There are a few factors behind today’s post. Three or four years ago, those would have been non-factors and most probably a surprise to those who know me. In the mix is a friend turned minister, plentiful contemplation time when one lives alone, stumbling into a funky little church, and the larger wonderment of what the larger picture might be for me, or rather, where I might fit into the larger picture. The pieces aren’t all in place by any stretch of the imagination, but I suppose better to feel the stirrings now than not at all. Maybe it’s a mortality thing.
Most days this non-theologian waffles on the big issues. Far be it for me to get all preachy; my glass house has very thin panes. I relate all this to Ellen and Reid only because they have seen everything else that has gone through my mind so this might as well be in bounds, too.
March 14, 2011
Ellen/Reid: So Reid, how does it feel to be a short timer? Too bad there’s not a short break built in between work stints, but worse things could happen. The downside is your NCAA picks in the office pool probably will come to naught.
Holy smokes, mankind managed to nearly kill off one ocean (south of New Orleans) and now it looks like we’ll trump that in far worse ways in Japan. If the catastrophic loss of life isn’t painful enough, we’ll insure that even more will be in peril for a much longer period of time. I don’t know. It’s all mind boggling. I turned away from a lot of the pictures.
Delivered my 30-somethingth church newsletter yesterday. It’s been nearly three years of cranking out 12 pages once per month for my little church. It’s somewhere between 25-35 hours per month. But the response is pretty good and my banker-friend turned minister-friend, John Cleghorn, is happy with it so I suppose that’s what counts. You can see the past issues at Caldwellpresby.org. Click on “News”. It’s really become my one creative outlet (beyond what I send you guys). John gives me total editorial latitude and I can do it in near complete anonymity. I get a charge out of putting all the pieces together, although prodding/begging parishioners for news tidbits is draining blood from a turnip. It’s not a highly politicized process by any means and it’s relatively easy to herd the cats. I always tote my camera with me and am finding that I head to Caldwell a couple of times a week to cover various events. If you can figure out a way to make church potlucks look appetizing in print, tell me now.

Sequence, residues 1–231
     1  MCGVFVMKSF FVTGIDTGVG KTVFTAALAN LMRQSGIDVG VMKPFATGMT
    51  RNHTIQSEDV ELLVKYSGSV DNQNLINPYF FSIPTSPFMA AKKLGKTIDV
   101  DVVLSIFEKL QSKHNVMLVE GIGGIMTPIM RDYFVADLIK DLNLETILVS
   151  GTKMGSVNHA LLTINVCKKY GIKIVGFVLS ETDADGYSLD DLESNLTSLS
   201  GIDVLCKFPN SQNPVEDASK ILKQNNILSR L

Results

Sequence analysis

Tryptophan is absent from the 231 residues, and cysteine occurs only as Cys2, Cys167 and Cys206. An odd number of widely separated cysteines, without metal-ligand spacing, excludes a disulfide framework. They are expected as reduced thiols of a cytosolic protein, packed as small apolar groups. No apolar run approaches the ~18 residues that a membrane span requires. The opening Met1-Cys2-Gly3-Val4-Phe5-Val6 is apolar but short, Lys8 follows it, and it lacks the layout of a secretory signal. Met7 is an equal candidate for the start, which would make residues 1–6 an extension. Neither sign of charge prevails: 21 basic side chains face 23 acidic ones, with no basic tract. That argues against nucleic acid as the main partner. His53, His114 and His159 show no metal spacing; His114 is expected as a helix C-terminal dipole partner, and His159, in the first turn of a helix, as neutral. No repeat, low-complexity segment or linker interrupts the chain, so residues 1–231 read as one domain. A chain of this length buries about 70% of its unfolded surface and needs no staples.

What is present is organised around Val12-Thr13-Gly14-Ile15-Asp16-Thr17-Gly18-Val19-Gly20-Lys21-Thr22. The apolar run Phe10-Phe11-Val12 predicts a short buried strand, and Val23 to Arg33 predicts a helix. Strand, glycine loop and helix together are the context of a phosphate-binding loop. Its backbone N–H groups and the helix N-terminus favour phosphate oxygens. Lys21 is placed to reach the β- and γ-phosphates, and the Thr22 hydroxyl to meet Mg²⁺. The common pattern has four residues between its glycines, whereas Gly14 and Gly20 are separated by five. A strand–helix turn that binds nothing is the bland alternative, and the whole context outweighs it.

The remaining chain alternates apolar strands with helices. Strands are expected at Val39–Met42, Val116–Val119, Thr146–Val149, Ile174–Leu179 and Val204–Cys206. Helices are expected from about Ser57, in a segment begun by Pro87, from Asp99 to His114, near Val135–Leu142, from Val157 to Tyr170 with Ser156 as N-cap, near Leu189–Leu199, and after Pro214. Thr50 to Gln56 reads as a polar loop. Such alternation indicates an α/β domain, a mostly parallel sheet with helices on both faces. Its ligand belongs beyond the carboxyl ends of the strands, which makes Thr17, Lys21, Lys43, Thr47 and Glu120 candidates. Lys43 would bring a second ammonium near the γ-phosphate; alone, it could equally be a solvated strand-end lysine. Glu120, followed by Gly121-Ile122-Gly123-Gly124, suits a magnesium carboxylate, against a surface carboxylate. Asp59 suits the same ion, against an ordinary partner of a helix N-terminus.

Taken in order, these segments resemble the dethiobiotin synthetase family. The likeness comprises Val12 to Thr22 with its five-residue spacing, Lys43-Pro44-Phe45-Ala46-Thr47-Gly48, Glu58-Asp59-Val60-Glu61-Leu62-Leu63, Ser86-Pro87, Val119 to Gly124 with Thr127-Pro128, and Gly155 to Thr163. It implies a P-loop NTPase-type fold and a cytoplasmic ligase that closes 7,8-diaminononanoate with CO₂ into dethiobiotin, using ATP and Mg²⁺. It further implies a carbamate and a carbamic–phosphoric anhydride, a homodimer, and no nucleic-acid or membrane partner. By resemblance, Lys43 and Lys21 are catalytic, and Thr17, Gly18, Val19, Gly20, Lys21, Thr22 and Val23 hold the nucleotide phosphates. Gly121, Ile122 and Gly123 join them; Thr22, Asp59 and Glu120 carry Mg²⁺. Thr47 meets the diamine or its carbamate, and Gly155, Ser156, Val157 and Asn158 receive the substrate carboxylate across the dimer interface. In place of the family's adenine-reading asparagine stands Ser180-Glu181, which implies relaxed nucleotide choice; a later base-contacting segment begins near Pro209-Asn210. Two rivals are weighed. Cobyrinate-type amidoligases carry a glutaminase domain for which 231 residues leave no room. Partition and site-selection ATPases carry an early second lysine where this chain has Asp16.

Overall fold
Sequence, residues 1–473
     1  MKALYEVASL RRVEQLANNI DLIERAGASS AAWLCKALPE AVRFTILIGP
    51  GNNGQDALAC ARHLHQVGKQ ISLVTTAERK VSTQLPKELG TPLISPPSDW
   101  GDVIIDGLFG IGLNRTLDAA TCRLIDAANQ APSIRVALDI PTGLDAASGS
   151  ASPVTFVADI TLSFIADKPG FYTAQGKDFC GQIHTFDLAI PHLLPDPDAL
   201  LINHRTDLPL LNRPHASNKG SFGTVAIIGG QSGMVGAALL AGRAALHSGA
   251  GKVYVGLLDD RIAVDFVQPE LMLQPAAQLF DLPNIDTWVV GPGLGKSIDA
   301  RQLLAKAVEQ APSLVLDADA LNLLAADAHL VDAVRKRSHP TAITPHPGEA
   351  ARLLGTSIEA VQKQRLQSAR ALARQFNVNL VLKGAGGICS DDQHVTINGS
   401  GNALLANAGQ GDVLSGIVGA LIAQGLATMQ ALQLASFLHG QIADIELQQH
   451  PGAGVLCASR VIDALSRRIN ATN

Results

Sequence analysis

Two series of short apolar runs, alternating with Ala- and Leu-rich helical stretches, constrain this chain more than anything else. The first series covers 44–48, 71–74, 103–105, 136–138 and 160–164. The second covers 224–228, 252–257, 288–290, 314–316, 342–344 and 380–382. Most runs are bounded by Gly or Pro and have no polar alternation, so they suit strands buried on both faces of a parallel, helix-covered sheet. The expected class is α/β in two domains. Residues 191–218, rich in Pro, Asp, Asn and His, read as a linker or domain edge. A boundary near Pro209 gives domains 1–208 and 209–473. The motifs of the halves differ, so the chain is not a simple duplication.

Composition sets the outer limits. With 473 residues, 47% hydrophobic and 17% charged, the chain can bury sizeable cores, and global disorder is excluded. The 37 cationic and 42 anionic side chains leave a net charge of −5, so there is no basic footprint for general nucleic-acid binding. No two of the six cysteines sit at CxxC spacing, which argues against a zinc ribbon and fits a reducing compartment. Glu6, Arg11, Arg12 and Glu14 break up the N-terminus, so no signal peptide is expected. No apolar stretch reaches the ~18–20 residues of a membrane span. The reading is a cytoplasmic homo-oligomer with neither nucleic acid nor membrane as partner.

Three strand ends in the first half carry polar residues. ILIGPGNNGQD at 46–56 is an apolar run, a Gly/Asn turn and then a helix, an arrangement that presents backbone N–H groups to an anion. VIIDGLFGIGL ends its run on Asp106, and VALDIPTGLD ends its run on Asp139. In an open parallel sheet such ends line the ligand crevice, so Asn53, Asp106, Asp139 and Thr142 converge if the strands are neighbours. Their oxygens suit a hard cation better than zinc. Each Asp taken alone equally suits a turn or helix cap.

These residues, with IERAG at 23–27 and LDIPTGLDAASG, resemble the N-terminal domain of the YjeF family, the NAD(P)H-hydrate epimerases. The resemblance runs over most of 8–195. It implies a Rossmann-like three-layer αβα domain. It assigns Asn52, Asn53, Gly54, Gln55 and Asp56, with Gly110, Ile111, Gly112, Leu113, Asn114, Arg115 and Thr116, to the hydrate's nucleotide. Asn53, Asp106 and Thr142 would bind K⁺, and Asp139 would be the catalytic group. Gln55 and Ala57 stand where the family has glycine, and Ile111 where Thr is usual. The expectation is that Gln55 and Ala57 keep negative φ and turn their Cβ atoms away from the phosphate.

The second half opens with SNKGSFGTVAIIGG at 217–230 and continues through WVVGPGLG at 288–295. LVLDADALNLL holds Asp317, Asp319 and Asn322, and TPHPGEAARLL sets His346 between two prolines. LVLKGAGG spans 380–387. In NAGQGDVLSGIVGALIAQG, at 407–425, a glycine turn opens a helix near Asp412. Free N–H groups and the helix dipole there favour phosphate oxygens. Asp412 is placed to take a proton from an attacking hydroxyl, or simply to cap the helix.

In the larger sense, it’s a rite of atonement for me. People keep asking me why I persist with this and I just tell them it’s part of my penance. And I think that’s true for the most part. It’s my way of giving back and hopefully it will grease the skids a little bit somewhere down the line, if you catch my drift. It’s really my one contribution to the church because I’m not good for much else. John is one hell of a preacher, and when he gazes out at his flock, and his eyes settle over my little sphere, it’s almost like he knows I have numerous weak areas that are ideally suited for his railings. Actually, he never rails. He’s just incredibly well considered. I keep telling him I’m the “heathen-in-chief” and to stop looking at me during his sermons. The truth is, some Sundays he sees me only in spurts. When I was playing a lot of golf – and will no doubt do again once the healing process takes its course – I’d duck out during lulls in the service to make my tee time; my escape was abetted mostly during the 10 minute window early on when the parishioners get up during the service to pass the peace. John never mentions my absence but he’s sure to know about it. At least he gets me for a little while. Better than nothing.
If this was any other church other than Caldwell, I probably would not be a regular. I’m even dragging Felicia along with me. It’s just a funky, mixed race, enthusiastic, non-image conscious congregation. No suits. No finery. No posturing. You can get on with the business at hand to the degree you want to. Most of my religious thinking occurs during the service (when I’m not scribbling notes about copy/story ideas for the next newsletter), but one way to look at it is the rest of the heathenistic week gives me something to contemplate in my back pew.
I was beyond lazy this past weekend. I had a bit of a setback last week and just needed to call of the dogs (and stay off my dogs). So things felt a lot better this morning, and I am in the office, chipper and ready to go. If you believe that, I’ve got some swamp land in South Carolina to sell you. But I’m not sure you’d want to live there.